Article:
Early impressions of the Fujifilm X70 after about a week of use!
The default color profile coming out of the X70 is subtly different from Olympus m4/3s. Not a scientific test now as I’m not a visual person, but the natural lighting colors do look very slightly more natural, though this is finally really personal preferences. The typical pictures at ISO3200 look less noisy than m4/3s equivalents.
The all-round metallic body feels well-built, cool to touch, and dense. In a nice-touch, the eyelet hooks are also removed as factory-shipped too. That’s always the first things I remove when I get a new m4/3s body.
The Exposure Compensation dial sits at the far right corner. It’s slightly recessed though and quite stiff. Quite helpful in avoiding situations where one accidentally brushes against it and dial in unwanted exposure compensations, as it’s happened a few times with the mode dials on Olympus E-PL bodies now.
The metallic lens cap is internally padded, and fits snugly onto the lens. The lens itself doesn’t have a filter thread, so the dedicated 49mm adapter ring is needed to fit a filter and/or 49mm lens cap.
The menu item layout is more visually appealing than Olympus, though I don’t think the organization is really any less confusing for first users of the Fujifilm system.
Silent shutter option. Nice!
In-camera charging via the micro USB port. Super convenient than having to bring a dedicated charger unit. This feature should be a standard inclusion in all cameras.
And lastly, the X70 offers many of the usual amenities we’ve come to expect from modern cameras – including setting a minimum shutter speed, and lower/upper limits of the ISO setting.On the other hand:
AF speed is so-so. It’s not nearly as brisk as Olympus’ m4/3s cameras from the last several years now, and the difference is even more evident in low-light situations.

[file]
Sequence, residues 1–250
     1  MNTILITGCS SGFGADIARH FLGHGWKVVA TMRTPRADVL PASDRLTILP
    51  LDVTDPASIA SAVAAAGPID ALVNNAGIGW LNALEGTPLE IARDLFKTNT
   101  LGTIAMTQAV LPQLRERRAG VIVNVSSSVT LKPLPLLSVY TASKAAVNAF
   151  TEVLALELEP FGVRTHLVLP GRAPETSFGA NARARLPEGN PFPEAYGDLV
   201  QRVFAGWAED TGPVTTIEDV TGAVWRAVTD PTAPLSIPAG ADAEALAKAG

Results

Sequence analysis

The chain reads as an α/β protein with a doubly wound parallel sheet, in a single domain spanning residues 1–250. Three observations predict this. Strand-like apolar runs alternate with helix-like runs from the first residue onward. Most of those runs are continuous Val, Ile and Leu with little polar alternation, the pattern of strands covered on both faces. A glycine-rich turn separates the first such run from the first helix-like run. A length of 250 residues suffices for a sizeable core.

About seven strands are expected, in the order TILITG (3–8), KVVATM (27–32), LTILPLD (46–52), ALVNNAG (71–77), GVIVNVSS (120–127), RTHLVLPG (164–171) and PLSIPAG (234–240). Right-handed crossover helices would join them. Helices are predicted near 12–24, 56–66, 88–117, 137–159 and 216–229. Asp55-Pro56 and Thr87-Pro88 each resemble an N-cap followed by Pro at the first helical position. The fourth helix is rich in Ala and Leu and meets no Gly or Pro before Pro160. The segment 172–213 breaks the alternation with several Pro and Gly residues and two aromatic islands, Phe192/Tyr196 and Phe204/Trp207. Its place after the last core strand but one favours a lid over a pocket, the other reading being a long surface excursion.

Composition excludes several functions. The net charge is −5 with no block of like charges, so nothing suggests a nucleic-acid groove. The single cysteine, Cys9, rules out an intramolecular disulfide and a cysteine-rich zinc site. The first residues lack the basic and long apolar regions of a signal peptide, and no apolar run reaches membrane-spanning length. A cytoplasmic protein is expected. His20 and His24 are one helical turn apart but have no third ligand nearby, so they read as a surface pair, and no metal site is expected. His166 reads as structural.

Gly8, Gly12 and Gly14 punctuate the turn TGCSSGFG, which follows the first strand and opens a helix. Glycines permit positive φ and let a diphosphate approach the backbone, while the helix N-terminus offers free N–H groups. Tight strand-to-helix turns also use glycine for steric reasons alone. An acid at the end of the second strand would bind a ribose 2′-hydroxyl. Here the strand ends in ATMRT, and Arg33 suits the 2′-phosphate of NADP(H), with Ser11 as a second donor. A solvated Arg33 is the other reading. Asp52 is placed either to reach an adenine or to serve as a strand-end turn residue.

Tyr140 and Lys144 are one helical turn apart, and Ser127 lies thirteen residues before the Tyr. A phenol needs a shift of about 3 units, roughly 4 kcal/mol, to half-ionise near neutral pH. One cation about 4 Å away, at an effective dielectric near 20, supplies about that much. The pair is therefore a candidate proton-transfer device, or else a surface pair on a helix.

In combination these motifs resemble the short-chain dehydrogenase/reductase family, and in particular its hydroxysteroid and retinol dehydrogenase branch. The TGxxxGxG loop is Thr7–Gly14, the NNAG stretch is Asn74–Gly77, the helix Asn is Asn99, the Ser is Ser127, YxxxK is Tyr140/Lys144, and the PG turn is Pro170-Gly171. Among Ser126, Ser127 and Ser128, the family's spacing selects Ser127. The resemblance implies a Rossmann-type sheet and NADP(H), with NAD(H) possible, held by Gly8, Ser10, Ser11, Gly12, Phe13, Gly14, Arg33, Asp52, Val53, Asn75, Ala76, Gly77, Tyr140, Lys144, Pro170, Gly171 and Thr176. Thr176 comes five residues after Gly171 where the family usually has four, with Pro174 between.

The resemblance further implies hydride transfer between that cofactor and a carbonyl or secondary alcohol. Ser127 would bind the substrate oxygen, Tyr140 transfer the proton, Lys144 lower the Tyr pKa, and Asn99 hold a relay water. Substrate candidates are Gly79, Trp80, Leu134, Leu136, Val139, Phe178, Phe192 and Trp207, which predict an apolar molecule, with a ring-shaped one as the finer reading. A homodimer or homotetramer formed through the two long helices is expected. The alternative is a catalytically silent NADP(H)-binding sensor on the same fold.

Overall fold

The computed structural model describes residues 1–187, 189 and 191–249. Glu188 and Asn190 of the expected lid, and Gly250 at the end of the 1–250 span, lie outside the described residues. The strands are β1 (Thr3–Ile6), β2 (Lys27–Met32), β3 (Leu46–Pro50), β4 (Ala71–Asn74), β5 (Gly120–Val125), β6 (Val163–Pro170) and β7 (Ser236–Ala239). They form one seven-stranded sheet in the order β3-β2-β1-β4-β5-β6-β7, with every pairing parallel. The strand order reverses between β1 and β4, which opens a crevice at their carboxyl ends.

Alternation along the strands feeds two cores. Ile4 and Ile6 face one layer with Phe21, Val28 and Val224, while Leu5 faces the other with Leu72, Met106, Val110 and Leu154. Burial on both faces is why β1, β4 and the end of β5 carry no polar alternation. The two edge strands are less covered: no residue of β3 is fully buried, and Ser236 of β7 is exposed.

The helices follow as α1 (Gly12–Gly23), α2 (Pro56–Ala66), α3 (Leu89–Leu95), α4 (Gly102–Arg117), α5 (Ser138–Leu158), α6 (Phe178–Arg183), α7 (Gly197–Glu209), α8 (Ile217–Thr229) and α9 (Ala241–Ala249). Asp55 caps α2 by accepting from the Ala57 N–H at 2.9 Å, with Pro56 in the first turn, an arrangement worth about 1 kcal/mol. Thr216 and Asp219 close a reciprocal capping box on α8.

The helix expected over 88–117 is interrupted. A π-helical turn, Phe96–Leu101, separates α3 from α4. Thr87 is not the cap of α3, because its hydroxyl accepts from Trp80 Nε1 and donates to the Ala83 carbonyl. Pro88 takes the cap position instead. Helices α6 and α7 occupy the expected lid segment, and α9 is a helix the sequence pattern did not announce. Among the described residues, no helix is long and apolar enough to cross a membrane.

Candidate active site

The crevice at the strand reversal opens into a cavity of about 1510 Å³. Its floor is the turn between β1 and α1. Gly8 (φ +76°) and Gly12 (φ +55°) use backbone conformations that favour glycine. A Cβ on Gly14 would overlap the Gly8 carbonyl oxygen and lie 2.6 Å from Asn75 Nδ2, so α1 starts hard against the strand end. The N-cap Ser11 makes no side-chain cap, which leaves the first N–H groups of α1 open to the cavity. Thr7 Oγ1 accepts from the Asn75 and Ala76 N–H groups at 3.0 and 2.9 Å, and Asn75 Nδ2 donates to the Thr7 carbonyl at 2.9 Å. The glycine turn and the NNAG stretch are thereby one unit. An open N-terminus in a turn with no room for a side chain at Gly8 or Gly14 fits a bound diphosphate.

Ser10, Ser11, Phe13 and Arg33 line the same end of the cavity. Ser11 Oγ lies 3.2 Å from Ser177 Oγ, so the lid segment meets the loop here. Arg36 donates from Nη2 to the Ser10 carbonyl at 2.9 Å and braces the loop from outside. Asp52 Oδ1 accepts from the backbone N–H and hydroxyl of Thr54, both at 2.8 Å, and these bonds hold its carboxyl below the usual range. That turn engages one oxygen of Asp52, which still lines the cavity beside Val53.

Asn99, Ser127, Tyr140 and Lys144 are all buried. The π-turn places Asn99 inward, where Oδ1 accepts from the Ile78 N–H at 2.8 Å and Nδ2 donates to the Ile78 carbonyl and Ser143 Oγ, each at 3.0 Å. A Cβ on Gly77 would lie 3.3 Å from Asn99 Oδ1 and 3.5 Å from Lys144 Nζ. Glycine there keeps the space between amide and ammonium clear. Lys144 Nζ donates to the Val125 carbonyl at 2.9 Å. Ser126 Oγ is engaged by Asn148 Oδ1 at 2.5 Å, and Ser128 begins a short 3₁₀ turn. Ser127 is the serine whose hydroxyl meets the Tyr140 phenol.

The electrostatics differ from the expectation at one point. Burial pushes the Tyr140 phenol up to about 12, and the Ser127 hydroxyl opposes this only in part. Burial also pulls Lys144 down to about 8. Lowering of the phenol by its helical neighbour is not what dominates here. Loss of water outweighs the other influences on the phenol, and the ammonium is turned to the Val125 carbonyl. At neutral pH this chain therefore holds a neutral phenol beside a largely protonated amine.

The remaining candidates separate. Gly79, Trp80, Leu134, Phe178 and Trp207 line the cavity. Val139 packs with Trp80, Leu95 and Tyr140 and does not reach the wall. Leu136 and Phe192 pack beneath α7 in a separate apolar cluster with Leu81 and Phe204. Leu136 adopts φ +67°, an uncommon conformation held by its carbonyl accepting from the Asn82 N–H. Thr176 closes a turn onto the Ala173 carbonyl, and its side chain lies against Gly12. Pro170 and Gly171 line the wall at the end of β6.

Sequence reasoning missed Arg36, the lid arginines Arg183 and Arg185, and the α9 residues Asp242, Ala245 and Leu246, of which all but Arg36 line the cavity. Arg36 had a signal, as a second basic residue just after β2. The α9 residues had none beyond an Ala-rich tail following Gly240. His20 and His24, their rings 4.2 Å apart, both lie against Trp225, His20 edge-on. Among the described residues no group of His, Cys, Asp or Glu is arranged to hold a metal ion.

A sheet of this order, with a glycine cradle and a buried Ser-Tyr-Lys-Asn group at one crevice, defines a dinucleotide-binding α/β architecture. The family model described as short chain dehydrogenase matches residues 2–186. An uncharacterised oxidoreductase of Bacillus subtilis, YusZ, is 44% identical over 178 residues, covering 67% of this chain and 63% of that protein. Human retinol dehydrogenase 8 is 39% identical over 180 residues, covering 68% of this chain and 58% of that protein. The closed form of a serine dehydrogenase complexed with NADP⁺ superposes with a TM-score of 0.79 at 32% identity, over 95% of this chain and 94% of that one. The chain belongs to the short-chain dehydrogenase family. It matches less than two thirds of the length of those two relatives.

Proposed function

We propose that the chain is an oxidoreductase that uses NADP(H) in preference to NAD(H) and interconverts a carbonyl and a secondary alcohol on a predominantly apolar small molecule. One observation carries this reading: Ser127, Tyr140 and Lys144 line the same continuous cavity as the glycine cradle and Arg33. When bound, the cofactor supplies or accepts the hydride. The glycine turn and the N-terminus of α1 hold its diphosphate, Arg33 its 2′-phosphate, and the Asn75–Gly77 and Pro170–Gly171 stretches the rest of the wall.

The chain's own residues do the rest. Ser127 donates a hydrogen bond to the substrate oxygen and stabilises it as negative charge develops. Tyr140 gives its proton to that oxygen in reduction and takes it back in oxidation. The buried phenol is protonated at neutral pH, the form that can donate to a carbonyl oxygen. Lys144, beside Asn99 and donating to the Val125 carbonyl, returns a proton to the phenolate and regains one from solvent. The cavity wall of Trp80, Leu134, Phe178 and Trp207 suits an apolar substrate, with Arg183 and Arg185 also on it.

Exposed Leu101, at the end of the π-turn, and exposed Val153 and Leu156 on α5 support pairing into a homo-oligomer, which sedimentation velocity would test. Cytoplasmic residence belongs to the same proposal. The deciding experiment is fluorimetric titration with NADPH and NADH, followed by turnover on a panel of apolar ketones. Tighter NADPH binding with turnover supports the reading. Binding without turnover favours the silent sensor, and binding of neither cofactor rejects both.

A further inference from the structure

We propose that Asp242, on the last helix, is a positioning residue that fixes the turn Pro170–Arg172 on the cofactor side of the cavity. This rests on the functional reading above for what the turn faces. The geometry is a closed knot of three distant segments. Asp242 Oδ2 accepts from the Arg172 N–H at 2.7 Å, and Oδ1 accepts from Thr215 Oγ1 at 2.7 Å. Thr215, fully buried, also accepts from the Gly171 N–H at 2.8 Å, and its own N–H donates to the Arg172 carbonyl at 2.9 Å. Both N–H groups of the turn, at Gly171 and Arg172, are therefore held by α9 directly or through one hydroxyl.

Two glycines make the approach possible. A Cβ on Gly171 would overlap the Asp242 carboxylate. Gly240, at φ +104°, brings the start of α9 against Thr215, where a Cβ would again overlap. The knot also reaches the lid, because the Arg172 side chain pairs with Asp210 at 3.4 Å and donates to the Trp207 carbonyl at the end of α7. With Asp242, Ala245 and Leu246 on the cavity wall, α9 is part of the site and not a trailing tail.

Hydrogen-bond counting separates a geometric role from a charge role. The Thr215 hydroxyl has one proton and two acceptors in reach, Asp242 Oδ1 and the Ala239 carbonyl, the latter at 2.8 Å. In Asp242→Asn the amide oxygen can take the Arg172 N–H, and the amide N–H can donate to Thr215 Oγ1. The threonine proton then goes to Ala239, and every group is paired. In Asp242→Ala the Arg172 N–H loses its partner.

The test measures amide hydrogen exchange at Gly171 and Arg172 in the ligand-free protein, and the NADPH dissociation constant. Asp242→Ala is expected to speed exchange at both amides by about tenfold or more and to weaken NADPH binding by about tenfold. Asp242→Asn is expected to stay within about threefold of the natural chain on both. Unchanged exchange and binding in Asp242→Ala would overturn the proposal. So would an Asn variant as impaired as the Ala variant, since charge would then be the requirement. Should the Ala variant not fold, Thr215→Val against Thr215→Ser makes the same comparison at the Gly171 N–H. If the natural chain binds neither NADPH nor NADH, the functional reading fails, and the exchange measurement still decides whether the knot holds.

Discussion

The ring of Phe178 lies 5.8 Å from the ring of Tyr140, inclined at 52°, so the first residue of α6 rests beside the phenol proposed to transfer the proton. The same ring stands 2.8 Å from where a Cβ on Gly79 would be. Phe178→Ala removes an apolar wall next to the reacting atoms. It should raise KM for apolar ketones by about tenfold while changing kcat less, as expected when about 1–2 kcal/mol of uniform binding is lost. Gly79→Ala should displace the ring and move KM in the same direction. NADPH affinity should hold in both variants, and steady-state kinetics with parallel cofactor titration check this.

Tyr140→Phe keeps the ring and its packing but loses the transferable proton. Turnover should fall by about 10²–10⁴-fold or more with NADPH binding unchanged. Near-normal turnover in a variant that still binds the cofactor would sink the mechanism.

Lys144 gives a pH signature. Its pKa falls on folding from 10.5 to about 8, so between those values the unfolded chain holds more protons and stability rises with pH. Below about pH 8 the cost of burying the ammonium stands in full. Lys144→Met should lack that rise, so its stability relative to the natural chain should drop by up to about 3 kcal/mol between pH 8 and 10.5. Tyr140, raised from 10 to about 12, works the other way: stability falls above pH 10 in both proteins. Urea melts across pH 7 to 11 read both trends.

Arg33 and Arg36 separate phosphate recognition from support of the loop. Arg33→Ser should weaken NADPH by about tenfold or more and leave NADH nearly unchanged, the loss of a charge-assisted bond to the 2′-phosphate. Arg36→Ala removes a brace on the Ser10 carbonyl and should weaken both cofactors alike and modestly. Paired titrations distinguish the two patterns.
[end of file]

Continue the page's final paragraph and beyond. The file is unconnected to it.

Non-stabilized lens and no provision for in-body stabilization either. I’ve been spoiled by the Olympus m4/3 camera bodies, and especially the 5-axis in-body stabilization system on my E-M5 and E-M1. Sharp handheld shots of 1/5s are totally possibly on those bodies and just too hard on the X70.
No hot-shoe cover. Had to buy cheapo third party replacements for it.
RAW support isn’t available in Program-Auto mode, while Auto-flash mode is available only in Program-Auto. I figure that’s why it’s called ‘auto’ mode, but it would had been better if these options were available for advanced users as an optional items to enable than to disallow them altogether.
Oddly, image playback takes a bit of time to start-up, though once it’s in playback mode, images do scroll briskly.
The Selector quadrant of buttons don’t offer good key travel and are quite stiff. The E-M5’s selector also had low key travel but buttons weren’t nearly as stiff or mushy.
The Auto mode selector level is close to the master on/off switch. The first couple of days I kept accidentally toggling the auto mode from Aperture priority to full-on auto, instead of powering on/off the camera. That took some getting use to.
The package came with accessories, several of which were high quality original equipment from manufacturer – the lens hood, adapter ring, leather case and strap, and an extra battery. The leather case got put aside as while it provides a better grip hold for the X70, also adds more bulk, and I don’t find its design appealing either. The other four accessories are useful though.
A couple of other accessories are also on order, including a 49mm Hoya Pro 1 Digital filter, which is a few dollars more expensive than the normal Hoya filters but which glass elements are easier to clean. Alongside that, a tempered glass ear LCD protector, and finally also – the Meike MK320 TTL flash gun for the X70, which cost less than half the price for the already bargain bin-priced Nissin i40 I’ve got for m4/3s. A mini-review for the Meike perhaps once I receive the unit in a few weeks.Some pictures of the kids next!